EDITOR’S NOTE: Paws for Thought columnist Janice Mitchell is a veterinarian at Island Animal Hospital and Little Current Veterinary Service.
Elixir of Life?
by Dr. Janice Mitchell
This month’s article is a trip back in time in the veterinary world. My friend/neighbour, who successfully raised and cared for farm animals for several decades asked me recently if I had ever heard of a veterinary medicine called “Wonder Drops.” I had not and my interest was piqued as it was explained to me that this tincture was used in boosting the energy in sickly pigs, cows, sheep or horses. Being a fan of the James Herriott stories (the famous Yorkshire Dales vet) and veterinary medicine pre-antibiotic/pre-gizmos/gadgets, I had to seek more information and what I found out was indeed a wonder. The actual name of these drops turned out to be Dr. Bell’s Veterinary Medical Wonder Drops.
Dr. George Bell graduated from the Ontario Veterinary College (located in Toronto at that time) in 1880. He practiced veterinary medicine in the US for 15 years, then returned to Canada to open the Kingston Veterinary College (1895-1899), of which he was principal in 1895. He established his business in Kingston where he made both veterinary and human remedies.
Looking at images through an internet search, Dr. Bell’s Veterinary Medical Wonder Drops were available in a 6 dram (22 ml) embossed glass bottle. The label read: ‘DOSE BY DROPS – NO DRENCHING. A great remedy for the most common ailments of domestic animals. Used in the treatment of Pain, Colic, Inflammation of the Bowels or Kidneys, Stoppages of the Urine, Fevers, Chills, Coughs, Scours, Distemper, Azoturia, “Black Water,” Thumps, Shipping Fever, Tonic, Nervous Exhaustion.’
Dr. Bell’s was used as a sort of “cure all” but especially in the treatment of colic and inflammation and for cough and chills. The ingredients I was surprised to find were aconite, belladonna, digitalis and nux vomica. A potent little brew that certainly seemed to restore life to faded horses, cattle, sheep and pigs, according to the anecdotes of my friend and from online research. Dr. Bell’s Drops was a classic example of a homeopathic remedy. Homeopathic medicines are made from plant, chemical, mineral or animal sources whereby the original material is diluted. A basic belief behind homeopathy is “like cures like.” In other words, something that brings on symptoms in a healthy person or animal can—in a very small dose—treat an illness with similar symptoms.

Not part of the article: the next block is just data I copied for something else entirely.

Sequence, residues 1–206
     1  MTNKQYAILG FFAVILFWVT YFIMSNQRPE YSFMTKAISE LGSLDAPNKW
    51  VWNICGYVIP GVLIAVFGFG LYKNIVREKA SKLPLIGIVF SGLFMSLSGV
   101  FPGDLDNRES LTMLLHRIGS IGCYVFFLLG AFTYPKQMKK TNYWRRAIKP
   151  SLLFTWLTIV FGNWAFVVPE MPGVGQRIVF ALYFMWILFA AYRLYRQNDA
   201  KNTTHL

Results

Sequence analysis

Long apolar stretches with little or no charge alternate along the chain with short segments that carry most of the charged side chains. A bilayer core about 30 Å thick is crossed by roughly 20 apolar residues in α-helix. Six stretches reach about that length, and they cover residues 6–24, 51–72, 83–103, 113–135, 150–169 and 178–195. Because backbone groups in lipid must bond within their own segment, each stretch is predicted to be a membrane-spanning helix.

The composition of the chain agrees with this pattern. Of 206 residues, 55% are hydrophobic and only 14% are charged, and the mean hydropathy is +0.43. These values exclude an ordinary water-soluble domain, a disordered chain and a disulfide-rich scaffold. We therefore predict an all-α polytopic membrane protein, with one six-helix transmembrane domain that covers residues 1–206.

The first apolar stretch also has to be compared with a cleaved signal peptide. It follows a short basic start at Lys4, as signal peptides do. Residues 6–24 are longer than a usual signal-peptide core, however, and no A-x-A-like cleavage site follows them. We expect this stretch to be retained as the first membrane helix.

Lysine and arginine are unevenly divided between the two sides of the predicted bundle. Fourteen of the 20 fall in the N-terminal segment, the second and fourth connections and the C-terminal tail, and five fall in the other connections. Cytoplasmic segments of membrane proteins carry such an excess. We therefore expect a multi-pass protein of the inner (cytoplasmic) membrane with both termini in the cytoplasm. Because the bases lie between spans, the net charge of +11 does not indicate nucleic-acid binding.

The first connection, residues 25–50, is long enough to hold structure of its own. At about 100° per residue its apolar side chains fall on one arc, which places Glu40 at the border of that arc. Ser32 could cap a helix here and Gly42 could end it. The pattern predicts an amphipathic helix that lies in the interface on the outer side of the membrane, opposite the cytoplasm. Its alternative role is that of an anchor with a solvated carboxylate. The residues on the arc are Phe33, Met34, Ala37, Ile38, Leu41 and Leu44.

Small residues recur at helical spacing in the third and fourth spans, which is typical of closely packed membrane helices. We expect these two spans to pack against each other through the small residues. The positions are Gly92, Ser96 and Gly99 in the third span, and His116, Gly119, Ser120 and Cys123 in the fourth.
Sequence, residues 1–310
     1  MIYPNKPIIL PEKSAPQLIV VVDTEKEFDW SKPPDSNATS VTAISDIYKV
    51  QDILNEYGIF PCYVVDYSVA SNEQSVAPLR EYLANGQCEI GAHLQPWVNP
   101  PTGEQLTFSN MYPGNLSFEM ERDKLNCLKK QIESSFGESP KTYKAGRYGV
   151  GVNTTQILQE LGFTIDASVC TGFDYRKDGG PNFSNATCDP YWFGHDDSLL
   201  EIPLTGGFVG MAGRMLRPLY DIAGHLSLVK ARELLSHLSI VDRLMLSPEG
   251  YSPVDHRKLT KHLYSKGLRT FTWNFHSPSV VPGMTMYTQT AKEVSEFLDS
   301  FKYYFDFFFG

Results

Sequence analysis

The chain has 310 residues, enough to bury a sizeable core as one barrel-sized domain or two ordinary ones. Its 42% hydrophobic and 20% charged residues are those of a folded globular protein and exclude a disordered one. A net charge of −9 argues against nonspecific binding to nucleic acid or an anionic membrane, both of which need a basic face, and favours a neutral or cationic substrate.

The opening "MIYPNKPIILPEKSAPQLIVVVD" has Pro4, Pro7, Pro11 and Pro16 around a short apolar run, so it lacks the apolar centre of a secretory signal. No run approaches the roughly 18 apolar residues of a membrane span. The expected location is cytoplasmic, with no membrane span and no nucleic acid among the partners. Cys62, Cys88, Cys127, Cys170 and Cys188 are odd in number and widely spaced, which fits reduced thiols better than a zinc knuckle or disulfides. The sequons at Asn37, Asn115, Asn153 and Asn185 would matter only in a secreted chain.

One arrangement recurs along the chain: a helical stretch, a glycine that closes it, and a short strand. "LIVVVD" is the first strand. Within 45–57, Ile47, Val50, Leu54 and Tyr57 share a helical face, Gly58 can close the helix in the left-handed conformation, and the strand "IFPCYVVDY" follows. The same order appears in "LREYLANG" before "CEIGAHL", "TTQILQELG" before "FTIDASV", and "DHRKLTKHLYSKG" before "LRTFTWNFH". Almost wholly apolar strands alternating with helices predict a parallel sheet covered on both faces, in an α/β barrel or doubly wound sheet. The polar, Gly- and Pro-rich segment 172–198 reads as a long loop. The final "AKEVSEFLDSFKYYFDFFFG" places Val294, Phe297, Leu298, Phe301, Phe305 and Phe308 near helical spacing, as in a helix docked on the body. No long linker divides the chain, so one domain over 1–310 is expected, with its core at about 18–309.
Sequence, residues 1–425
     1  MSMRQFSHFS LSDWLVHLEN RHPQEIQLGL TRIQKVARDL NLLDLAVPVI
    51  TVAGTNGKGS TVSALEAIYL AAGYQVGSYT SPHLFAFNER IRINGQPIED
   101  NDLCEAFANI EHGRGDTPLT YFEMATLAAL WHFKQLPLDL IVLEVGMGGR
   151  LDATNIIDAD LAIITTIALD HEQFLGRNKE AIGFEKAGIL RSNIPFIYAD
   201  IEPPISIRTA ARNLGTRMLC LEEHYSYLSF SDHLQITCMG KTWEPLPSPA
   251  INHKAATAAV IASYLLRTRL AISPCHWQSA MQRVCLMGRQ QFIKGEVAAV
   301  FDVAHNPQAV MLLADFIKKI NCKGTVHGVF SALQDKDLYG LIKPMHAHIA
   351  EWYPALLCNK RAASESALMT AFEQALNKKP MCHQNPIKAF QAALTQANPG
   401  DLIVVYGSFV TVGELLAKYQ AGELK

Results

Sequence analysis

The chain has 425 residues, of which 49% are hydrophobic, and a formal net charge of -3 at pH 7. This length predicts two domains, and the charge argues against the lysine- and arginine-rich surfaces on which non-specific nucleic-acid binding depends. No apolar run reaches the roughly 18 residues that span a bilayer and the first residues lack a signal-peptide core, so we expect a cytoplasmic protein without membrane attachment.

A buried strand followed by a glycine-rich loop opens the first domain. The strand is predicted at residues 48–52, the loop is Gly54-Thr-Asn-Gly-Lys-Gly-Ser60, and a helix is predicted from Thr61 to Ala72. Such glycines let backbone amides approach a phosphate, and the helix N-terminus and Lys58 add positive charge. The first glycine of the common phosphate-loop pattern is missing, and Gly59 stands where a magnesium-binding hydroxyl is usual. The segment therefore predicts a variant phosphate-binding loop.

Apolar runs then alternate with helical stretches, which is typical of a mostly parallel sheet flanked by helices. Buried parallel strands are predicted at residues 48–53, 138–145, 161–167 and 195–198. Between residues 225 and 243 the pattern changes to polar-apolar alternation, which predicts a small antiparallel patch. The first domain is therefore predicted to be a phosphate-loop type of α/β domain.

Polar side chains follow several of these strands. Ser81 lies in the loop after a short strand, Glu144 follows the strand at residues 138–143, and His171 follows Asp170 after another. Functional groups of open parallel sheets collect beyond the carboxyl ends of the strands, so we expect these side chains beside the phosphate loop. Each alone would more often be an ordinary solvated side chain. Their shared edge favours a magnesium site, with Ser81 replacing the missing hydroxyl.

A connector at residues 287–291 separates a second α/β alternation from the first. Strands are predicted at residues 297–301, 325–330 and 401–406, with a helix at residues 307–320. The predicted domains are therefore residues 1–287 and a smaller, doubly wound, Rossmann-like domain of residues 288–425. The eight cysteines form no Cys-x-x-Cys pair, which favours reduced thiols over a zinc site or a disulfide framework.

It’s a good thing that the ingredients in these Wonder Drops are diluted because on their own in normal strengths, they are essentially poisons.
Aconite: a plant known as Monkshood, was a famous poison used in medieval murder mysteries (Ellis Peters’ Brother Cadfael stories come to mind). It drops temperature and pulse rates and causes facial paralysis. In homeopathy medicine, aconite has been used to treat anxiety, restlessness and acute sudden fever.
Belladonna, a plant also known as Deadly Nightshade, is derived from Italian and means “beautiful woman” because during the Renaissance the herb was used in eye-drops by women to dilate their pupils to make them appear seductive. It produces many effects in the body, including relief from spasms of the gastrointestinal tract and the bladder, therefore has been used to treat nausea, vomiting, and urinary tract inflammation. Belladonna has also been used to treat tremors and sweating. However, it can be poisonous as it will cause a rapid heart rate, respiratory failure, hallucinations, and convulsions.
Digitalis is a drug obtained from the dried leaves of the common foxglove and used as medicine to strengthen contractions of the heart muscle. Digitalis is most commonly used to restore adequate circulation in patients with congestive heart failure. However, again, it can be a poison as it has the potential to cause a complete heart block…thus earning it’s second name as “witch’s glove.”
The last of the wonder drop ingredients include nux vomica, or the strychnine tree.
Despite serious safety concerns, nux vomica has been used for diseases of the digestive tract, disorders of the heart and circulatory system, diseases of the lung, and as an appetite stimulant. But as most of us know, strychnine is used as a rodent poison, as it causes convulsions and thus death.
I asked my large animal specialist colleague Dr. Ted Delange if he had ever heard of this ‘wonder drop’ in all his years of experience. He had not, but had mentioned another human tincture remedy used in the early 1900s. It was a product for humans called Kohler’s One Night Cough Drops. It’s ingredient label included alcohol, cannabis indica, chloroform and morphine. Truly, to be humorous, a cure for cough as it is essentially ‘coma’ in a bottle!
These old-time elixirs are indeed fascinating. It makes me think of the expression ‘pick your poison.’ I am certain in another 100 years, the ‘then’ generation of veterinarians may look back on our current years, reflect on our treatments, and be just as amazed. I wonder, what will be the ‘wonder drops’ of our era?